The fall army worm is the caterpillar of a moth. It is native to the tropical regions of the western hemisphere from the United States to Argentina but overwinters in the United States only in southern Florida and southern Texas. During the summer months the moths fly northward for hundreds of miles and lay their eggs in most regions of the United States east of the Rocky Mountains. They are serious pests in the southeastern states where the caterpillars feed on all types of grains and legumes, corn, cucumbers, tomatoes, and cabbage. They can also be a serious threat to lawns.
Description: The caterpillars are 1½ to 2 inches long and have brownish or greenish bodies marked with white lines on its back and sides. An inverted white “Y” on its head distinguishes it from other similar caterpillars. Caterpillars feed both night and day for about 14 days but tend to be most active in the morning and evening, avoiding the brightest part of the day. Adult moths have a wing span of about 1½ inches, have a grayish brown forewing and iridescent silver-white hind wing with a narrow dark border. They are nocturnal and prefer warm, humid conditions. Females lay up to two thousand pale gray eggs covered by fuzzy scales in masses of fifty to several hundred. After two to three days the larva emerge and begin their two to three week feeding period after which they pupate in the soil for about two weeks in warm weather, up to thirty days in cool weather.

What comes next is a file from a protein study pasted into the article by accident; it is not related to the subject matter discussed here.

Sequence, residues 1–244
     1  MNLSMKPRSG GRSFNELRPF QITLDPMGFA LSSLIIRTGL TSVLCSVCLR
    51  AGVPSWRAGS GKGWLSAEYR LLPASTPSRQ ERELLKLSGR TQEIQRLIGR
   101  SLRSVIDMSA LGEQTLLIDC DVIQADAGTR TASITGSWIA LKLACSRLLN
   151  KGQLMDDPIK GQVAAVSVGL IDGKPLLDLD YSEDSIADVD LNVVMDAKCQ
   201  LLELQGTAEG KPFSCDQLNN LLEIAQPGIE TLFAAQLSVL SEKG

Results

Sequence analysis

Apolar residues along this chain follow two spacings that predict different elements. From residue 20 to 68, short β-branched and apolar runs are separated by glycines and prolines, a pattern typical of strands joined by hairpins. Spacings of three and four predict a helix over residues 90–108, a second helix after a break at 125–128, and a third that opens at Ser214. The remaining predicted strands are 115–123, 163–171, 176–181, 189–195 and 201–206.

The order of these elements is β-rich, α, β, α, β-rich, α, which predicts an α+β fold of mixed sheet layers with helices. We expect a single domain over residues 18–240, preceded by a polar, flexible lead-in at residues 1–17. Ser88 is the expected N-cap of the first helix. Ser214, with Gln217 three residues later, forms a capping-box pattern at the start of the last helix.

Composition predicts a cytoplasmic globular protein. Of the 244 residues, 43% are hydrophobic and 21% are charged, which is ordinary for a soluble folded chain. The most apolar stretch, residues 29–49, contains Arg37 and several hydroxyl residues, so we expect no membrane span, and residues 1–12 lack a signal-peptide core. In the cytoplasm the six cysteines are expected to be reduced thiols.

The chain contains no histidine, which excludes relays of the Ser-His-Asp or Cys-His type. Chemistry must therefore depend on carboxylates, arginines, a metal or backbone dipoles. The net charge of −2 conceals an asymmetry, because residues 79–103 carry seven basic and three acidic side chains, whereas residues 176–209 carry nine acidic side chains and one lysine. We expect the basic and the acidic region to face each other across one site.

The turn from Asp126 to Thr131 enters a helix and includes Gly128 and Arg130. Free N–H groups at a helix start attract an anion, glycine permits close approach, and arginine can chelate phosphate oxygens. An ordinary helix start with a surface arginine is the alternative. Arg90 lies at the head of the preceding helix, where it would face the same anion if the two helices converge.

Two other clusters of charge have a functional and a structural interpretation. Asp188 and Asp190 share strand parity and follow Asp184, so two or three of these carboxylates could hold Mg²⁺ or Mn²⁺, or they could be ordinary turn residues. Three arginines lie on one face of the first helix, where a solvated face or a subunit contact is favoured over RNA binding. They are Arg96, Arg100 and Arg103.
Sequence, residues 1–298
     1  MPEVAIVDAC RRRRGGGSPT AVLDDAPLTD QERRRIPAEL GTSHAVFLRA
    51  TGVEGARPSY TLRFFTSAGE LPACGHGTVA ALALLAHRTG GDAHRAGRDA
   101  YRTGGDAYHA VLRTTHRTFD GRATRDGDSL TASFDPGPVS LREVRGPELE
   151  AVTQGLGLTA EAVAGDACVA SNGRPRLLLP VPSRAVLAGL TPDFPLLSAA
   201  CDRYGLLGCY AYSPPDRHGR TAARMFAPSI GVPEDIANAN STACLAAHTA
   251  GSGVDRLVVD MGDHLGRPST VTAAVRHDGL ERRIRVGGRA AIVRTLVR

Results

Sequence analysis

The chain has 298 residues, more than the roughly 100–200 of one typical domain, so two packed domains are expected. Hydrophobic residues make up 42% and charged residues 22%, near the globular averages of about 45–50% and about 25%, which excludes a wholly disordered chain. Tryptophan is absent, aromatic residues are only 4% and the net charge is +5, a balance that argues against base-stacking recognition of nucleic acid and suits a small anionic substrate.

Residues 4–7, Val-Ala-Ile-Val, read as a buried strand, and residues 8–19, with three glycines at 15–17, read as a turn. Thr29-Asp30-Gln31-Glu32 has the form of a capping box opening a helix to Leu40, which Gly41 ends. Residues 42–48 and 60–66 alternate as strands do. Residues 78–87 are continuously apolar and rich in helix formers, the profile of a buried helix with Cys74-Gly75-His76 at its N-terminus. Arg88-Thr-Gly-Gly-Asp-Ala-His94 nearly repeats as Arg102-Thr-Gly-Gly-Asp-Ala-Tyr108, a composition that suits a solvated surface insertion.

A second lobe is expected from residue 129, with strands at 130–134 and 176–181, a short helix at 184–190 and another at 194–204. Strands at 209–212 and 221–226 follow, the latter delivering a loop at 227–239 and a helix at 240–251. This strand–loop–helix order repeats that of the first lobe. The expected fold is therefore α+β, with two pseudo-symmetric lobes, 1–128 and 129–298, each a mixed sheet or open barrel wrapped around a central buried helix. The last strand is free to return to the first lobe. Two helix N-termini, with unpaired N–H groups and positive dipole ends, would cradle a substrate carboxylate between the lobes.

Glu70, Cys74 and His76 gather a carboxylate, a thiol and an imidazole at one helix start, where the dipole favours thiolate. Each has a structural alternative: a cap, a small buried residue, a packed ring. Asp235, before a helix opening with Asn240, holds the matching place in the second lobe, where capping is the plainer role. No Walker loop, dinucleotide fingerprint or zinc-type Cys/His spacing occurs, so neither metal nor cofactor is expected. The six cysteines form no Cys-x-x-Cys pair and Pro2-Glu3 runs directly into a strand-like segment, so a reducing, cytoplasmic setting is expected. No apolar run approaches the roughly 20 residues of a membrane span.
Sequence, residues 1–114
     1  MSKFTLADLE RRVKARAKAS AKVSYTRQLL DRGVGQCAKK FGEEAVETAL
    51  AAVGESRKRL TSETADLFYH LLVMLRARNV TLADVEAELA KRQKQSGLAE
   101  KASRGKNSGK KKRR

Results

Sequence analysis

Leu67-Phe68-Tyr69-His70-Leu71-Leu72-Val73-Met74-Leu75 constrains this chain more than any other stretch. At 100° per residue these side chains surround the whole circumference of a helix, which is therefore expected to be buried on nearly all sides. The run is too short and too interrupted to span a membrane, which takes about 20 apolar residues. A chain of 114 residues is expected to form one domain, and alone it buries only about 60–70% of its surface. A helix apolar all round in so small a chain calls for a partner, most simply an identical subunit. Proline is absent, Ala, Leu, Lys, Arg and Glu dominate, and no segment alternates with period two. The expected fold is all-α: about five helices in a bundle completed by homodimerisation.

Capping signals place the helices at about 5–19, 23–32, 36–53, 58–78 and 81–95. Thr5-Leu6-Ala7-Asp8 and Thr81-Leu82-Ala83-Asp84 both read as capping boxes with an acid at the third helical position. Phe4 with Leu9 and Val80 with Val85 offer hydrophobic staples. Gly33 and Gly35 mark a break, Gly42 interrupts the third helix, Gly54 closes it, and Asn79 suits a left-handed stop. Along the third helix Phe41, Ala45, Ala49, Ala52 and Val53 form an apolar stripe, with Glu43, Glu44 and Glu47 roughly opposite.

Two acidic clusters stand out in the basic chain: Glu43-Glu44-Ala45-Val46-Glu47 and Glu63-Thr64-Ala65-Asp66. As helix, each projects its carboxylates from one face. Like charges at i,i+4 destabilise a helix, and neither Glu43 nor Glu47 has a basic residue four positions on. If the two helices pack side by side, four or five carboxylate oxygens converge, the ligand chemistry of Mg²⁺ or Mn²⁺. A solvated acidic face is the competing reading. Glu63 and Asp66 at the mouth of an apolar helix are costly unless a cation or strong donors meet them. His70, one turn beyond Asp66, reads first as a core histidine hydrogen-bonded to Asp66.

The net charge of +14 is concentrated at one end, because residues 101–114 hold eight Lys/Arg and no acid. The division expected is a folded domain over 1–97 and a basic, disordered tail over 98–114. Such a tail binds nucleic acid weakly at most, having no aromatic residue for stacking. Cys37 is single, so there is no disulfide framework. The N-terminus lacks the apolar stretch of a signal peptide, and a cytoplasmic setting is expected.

Control: For small infestations, handpick the caterpillars during the day or night. Severe outbreaks can be treated with Bacillus thuringiensis if done early, soon after the worms have begun to feed. Insecticides containing carbyl (Sevin), or malathion can be used when necessary.
Photos from Wikipedia